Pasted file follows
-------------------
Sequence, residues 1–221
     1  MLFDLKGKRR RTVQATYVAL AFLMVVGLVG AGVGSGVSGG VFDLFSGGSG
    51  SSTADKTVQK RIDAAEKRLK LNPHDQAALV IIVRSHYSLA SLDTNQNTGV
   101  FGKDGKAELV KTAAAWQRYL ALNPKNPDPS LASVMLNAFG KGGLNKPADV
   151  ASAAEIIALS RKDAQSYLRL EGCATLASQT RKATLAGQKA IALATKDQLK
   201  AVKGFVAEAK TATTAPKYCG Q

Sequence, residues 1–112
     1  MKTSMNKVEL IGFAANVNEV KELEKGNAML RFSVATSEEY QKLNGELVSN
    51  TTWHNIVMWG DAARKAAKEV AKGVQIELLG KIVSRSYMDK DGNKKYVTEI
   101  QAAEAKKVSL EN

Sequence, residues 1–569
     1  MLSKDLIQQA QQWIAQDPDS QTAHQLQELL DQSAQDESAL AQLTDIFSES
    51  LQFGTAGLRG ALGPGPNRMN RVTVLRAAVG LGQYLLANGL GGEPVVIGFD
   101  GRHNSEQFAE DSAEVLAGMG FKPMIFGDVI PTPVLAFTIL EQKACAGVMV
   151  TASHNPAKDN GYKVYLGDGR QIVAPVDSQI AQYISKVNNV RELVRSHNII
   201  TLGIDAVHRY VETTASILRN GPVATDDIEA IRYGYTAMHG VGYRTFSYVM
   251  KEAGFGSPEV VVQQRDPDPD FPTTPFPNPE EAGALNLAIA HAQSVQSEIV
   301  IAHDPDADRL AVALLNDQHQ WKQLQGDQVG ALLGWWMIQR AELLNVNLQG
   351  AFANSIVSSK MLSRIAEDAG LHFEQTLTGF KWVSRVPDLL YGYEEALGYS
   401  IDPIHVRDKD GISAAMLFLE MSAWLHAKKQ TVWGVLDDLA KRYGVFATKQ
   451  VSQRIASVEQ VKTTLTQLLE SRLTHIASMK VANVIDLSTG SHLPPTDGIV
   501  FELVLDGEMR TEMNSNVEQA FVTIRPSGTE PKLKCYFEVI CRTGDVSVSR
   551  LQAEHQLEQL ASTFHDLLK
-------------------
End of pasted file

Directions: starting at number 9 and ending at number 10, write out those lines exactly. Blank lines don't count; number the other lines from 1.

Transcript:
    51  TTWHNIVMWG DAARKAAKEV AKGVQIELLG KIVSRSYMDK DGNKKYVTEI
   101  QAAEAKKVSL EN